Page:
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It’s Only a Matter of Time Before Quantum Computers Start Solving Real-World Problems

In this photo, IBM scientist Stefan Filipp, takes a closer look at the cryogenic refrigerator which will keep qubits are temperatures colder than the deepest parts of outer space.
Working with colleagues at IBM's TJ Watson Lab in New York, IBM scientists in Zurich, Switzerland, are building their own quantum research lab. In this photo, IBM scientist Stefan Filipp, takes a closer look at the cryogenic refrigerator which will keep qubits are temperatures colder than the deepest parts of outer space. (Photo: IBM Research)

Google’s Sycamore 53-qubit quantum machine has opened the doors to a new era of computing.

No, quantum computing did not come of age with Google’s Sycamore, a 53-qubit computer solving in 200 seconds a problem that would take even a supercomputer 10,000 years. Instead, it is the first step, showing that a functional computation can be done with a quantum computer, and it does indeed solve a special class of problems much faster than conventional computers. This is not that quantum computers have now superseded classical computers. The hype of quantum supremacy is misleading as it is based on a very narrow definition quantum supremacy; quantum supremacy is one quantum computer beating all classical computers for one specially constructed task.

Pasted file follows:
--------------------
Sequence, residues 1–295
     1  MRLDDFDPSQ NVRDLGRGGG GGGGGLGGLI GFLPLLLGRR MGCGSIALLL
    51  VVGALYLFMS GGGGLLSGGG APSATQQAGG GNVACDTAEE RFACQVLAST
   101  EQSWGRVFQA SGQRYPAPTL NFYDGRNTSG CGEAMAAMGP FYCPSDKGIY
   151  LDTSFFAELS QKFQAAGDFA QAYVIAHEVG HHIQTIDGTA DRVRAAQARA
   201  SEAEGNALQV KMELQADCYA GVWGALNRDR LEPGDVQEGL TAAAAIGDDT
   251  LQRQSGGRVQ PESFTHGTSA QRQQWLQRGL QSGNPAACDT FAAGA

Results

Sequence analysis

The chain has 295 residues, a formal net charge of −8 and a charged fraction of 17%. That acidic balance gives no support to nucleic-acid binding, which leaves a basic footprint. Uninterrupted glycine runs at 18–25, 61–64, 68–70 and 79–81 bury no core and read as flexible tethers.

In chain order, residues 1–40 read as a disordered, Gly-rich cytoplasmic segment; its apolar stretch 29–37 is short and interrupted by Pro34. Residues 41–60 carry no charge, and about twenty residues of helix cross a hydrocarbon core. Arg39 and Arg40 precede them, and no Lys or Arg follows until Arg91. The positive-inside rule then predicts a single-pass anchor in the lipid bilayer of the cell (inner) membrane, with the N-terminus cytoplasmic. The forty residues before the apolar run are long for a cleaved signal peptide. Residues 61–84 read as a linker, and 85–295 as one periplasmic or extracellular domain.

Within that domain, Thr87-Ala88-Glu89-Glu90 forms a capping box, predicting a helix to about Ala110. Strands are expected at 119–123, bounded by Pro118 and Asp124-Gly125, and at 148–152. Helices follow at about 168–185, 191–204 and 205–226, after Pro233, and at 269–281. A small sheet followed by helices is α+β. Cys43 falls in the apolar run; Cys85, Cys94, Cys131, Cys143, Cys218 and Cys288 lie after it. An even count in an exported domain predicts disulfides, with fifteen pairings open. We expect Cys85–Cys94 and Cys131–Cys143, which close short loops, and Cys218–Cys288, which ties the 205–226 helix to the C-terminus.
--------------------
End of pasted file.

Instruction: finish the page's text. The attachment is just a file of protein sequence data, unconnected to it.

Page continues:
The bad news—for the science fiction enthusiasts—is that it is not going to replace our current computers but will be useful only for a special class of problems. Its construction requires conditions such as super-low temperatures that can be created only in a special environment. We are not going to wear it on our sleeves, or use it on our cell phones. At least not yet, and not with today’s physics! And our encryption algorithms on which all our internet protocols and the world’s financial transactions are based are safe, at least for now.

Nevertheless, this is a huge step forward, in which billions are being spent by nations and companies in the belief that this will open up areas of computations that have been closed for now. This is the first example of where a specific problem has been solved, even if it is a very particular one and specially created for quantum computing. Such problems could be extended to the real world: they could be about creating novel materials, new drugs to attack autoimmune illnesses and different types of cancers. These findings could slingshot humanity’s understanding of the best building materials for space, or provide insight into cures for a range of illnesses or diseases that we are not yet able to treat.